Primary calendar shifts could boost home-state Dems in 2020

He’s a young, charismatic, politician who’s lately grabbing a ton of 2020 buzz.

But if outgoing Rep. Beto O’Rourke of Texas does decide to run the for the Democratic presidential nomination, he may have something else going for him – some home field advantage in a delegate rich state that votes early in the primary calendar.

Nearly 225 of the state’s Democratic delegates are up for grabs when Texas and at least eight other states vote on March 3, 2020, which is being dubbed as this cycle’s Super Tuesday.


California, where 416 of the state’s Democratic delegates are at stake on primary day, is also holding its contest on Super Tuesday. The Golden State’s home to Sen. Kamala Harris, another likely Democratic White House contender.

“Whoever does really well and places high up there will get a huge boost and healthy chunk of delegates,” said Mo Elleithee, the founding Executive Director of Georgetown University's Institute of Politics and Public Service and a Fox News contributor.

Both big states could play an even bigger role in selecting the Democratic presidential nominee in 2020, thanks to their early slots on the primary calendar as well as early voting likely to get underway before states like New Hampshire and South Carolina even hold their prized primaries. And for those candidates who call Texas or California home – and there are several – the calendar offers a clear advantage.

For California, it’s all about timing and location.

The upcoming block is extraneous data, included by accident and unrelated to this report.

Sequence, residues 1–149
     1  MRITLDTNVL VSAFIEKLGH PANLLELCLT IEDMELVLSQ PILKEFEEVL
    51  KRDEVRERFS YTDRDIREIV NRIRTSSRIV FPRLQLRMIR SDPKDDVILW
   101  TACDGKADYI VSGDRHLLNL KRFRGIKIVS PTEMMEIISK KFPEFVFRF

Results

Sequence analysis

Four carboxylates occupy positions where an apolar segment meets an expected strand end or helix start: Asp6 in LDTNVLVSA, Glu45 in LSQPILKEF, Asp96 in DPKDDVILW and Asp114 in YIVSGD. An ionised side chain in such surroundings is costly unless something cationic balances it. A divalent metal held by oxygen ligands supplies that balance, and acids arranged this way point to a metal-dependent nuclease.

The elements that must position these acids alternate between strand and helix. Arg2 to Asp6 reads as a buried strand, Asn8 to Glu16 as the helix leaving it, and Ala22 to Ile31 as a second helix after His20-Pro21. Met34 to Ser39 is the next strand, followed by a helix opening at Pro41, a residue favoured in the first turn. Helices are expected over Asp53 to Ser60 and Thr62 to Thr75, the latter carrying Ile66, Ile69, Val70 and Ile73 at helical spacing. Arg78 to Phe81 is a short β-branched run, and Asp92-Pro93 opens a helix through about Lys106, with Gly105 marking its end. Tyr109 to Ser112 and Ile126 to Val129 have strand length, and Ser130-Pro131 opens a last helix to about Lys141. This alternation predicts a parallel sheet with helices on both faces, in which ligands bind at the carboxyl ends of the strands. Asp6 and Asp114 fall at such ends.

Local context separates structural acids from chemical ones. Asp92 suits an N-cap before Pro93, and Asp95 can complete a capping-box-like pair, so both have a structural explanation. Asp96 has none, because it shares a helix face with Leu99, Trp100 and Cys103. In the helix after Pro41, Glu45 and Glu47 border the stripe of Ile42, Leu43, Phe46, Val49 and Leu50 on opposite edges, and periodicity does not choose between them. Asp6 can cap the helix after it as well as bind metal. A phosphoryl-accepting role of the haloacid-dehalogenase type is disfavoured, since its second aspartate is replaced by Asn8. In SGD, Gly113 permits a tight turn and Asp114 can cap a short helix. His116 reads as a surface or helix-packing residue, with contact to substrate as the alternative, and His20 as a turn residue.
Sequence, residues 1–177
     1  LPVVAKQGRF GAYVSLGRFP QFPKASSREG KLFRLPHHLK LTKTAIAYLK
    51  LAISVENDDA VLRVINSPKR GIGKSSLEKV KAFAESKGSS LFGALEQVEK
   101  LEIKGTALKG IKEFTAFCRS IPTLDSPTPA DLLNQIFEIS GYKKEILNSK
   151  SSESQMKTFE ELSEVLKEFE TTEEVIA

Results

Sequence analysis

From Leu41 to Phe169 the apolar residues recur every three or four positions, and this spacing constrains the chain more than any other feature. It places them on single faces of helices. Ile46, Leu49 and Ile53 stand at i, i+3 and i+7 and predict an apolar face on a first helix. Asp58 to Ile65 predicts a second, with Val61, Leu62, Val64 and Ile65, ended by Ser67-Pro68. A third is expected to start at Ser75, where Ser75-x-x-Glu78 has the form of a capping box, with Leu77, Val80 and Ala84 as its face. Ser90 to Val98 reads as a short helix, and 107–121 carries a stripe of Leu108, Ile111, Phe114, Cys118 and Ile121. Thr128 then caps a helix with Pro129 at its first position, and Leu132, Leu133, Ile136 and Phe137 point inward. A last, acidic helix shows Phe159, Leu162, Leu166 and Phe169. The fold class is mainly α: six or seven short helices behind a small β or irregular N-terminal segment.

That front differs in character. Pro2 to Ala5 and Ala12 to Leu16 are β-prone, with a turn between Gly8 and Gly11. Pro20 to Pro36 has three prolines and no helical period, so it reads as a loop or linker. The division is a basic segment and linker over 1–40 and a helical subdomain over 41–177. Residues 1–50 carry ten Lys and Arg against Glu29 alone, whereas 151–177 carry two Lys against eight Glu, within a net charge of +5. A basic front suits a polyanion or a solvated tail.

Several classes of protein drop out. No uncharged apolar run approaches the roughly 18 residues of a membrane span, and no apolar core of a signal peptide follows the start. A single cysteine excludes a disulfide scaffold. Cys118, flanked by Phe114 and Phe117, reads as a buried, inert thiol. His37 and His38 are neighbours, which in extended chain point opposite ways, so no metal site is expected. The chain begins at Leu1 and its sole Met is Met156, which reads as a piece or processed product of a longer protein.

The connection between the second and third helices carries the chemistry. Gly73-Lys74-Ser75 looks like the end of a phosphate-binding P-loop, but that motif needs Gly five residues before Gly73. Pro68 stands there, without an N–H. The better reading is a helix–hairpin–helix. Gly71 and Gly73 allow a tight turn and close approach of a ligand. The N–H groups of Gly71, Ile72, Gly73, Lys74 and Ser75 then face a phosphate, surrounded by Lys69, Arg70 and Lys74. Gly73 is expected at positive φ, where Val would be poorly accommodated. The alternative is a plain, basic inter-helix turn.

It’s propelled its presidential primary from the end of the 2016 primary calendar to near the top of the 2020 calendar, ensuring that the nation’s most populous and diverse state will have a much bigger say in choosing the Democratic Party’s presidential primary.


The 2020 Super Tuesday is the earliest possible date a state can hold its primary and not run afoul of Democratic National Committee rules which only allow the traditional four early voting states – Iowa, New Hampshire, Nevada, and South Carolina – to hold caucuses and primaries in February.

California’s move -- which happened more than a year ago -- has been relentlessly spotlighted in the media the past six weeks, with the kick off of the 2020 cycle. While there’s been incessant analysis on how the Golden State’s new primary position will impact the four traditional early voting states, what’s received less coverage is whether the move will give a leg up to potential White House contenders who call California home.

Besides Harris, Los Angeles Mayor Eric Garcetti, Congressman Eric Swalwell, and billionaire environmentalist and Trump impeachment leader Tom Steyer call California home. And in Texas, besides O’Rourke -- who narrowly lost his bid this year to unseat Republican Sen. Ted Cruz -- the state is home to former San Antonio mayor and Health and Human Services Secretary Julian Castro, who recently formed a presidential exploratory committee.

“For some of the better known candidates from some of those states it’s a good way to possibly put some early delegates in the bank, but what’s really interesting is what do candidates who don’t come from those states do,” said Elleithee, a senior spokesman for Hillary Clinton’s 2008 presidential campaign who later served as communications director for the Democratic National Committee.